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Call to Action for a Truly Sustainable Renewable Future
August 8, 2013 – 5:07 pm | No Comment

-Include high octane/high ethanol Regular Grade fuel in EPA Tier 3 regulations.
-Use a dedicated, self-reducing non-renewable carbon user fee to fund renewable energy R&D.
-Start an Apollo-type program to bring New Ideas to sustainable biofuel and …

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Back on Track: EPA Issues On-Time, Robust Renewable Fuel Standard Volumes for 2017-18

Submitted by on November 23, 2016 – 2:04 pmNo Comment

by Jim Lane (Biofuels Digest)  In Washington, the US Environmental Protection Agency released the 2017 renewable fuel volume obligations (and the 2018 volume obligations for biomass-based diesel), with a strong push beyond what has been termed the “blend wall” and stimualting refiners to implement more “cost-effective changes at their refineries to blend more renewable fuel.”

The agency finalized a total renewable fuel volume of 19.28 billion gallons, of which 4.28 BG is advanced biofuel and 311 million gallons is cellulosic biofuel. Thus, the implied RVO for conventional biofuels like corn ethanol will be 15BG—up from the 14.8 BG proposed in May.

“Renewable fuel volumes continue to increase across the board compared to 2016 levels,” said Janet McCabe, the agency’s acting assistant administrator for the Office of Air and Radiation. “These final standards will boost production, providing for ambitious yet achievable growth of biofuels in the transportation sector. By implementing the program enacted by Congress, we are expanding the nation’s renewable fuels sector while reducing our reliance on imported oil.”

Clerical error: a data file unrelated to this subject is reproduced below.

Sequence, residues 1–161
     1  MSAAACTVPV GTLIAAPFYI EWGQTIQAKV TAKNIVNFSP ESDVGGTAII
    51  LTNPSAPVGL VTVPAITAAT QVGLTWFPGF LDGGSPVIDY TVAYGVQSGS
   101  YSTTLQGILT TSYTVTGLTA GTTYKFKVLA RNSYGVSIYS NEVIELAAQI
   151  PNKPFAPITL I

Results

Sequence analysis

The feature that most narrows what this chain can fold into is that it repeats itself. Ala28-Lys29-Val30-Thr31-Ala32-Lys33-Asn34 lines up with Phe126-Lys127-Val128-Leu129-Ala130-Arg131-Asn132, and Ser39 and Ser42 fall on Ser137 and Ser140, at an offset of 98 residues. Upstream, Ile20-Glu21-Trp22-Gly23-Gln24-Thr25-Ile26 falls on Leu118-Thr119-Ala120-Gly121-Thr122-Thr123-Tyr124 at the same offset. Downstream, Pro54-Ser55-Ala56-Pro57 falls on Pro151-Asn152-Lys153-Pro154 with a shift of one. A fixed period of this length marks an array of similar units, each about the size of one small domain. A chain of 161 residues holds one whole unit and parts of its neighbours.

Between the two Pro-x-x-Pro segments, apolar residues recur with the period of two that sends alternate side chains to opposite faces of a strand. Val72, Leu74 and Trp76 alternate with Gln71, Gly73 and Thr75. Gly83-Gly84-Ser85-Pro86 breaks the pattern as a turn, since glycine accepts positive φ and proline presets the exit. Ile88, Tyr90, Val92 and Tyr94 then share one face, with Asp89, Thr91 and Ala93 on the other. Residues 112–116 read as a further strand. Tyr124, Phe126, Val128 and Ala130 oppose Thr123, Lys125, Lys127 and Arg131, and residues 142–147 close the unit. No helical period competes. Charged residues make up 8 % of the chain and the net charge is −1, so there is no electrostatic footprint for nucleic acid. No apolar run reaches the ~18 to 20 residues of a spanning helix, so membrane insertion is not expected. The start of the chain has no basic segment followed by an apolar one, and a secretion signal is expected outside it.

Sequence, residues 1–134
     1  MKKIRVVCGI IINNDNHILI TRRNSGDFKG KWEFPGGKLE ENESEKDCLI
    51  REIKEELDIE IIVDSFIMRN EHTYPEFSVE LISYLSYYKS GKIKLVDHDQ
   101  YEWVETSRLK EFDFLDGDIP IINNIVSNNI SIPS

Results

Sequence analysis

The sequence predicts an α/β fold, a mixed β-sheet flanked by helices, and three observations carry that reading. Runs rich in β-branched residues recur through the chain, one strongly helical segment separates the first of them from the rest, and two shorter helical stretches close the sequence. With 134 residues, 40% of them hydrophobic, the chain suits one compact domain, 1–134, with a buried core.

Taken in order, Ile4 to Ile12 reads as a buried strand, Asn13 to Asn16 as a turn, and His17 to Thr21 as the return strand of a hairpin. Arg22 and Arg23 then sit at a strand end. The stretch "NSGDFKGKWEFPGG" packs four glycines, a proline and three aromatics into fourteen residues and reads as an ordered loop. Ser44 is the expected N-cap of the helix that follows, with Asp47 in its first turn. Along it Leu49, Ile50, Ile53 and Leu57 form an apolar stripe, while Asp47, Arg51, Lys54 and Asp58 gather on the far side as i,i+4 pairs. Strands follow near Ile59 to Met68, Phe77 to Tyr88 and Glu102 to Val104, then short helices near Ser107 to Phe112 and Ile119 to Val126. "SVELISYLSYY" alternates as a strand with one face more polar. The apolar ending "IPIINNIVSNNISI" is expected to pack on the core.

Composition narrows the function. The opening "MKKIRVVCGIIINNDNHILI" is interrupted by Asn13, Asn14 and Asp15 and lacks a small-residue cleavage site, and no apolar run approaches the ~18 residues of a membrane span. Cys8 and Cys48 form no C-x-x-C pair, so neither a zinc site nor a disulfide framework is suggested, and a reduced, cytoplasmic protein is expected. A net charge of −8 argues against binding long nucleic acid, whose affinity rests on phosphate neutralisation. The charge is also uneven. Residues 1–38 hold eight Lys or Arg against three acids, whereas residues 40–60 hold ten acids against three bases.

Breaking the Blend Wall

The key? The EPA has essentially abandoned its previous attempt to slow the adoption of renewable fuel by citing the oil industry’s lack of infrastructure-building as a “supply constraint”. Under the Clean Air Act, the EPA has authority to waive down Congressionally-targeted volumes in the case of supply constraints, which members of Congress said they intended to mean a lack of renewable fuel production, rather than a lack of infrastructure deployed by refiners to distribute renewable fuel.

Renewable fuel producers had contended that should refiners have the ability to stall deployment of renewable fuels by not deploying infrastructure, obligated parties would have gained veto power over the Clean Air Act and Congress.

Biomass-based diesel numbers still below industry capacity

The new standards reflect modest growth in the standards but remain below the more than 2.6 billion gallons of biodiesel and renewable hydrocarbon diesel expected in 2016.

Figures substantially boosted from original proposal

The EPA substantially boosted volumes from the original proposals issued earlier in the year.

Reaction from Stakeholders

American Coalition for Ethanol (ACE)

Brian Jennings, Executive Vice President
“As more ethanol was blended with record-high consumption of gasoline this year, ACE urged EPA to increase the 2017 implied conventional biofuel volume to the statutory level of 15 billion gallons and we are very pleased EPA has agreed to do so. For the last couple of years, EPA has unfortunately sided with oil companies and refiners instead of rural voters to ‘ride the brakes’ on RFS blending volumes, relying on excuses such as the make-believe E10 ‘blend wall’ and lower gasoline use to reduce renewable fuel use below statutory levels. But we are supportive of the move to increase volumes for 2017 without a ‘blend wall’ excuse.  U.S. gasoline use is expected to rise again in 2017, so increasing RFS volumes will help restore some confidence to the rural economy and reassure retailers that it makes sense to offer E15 and flex fuels like E30 and E85 to their customers.”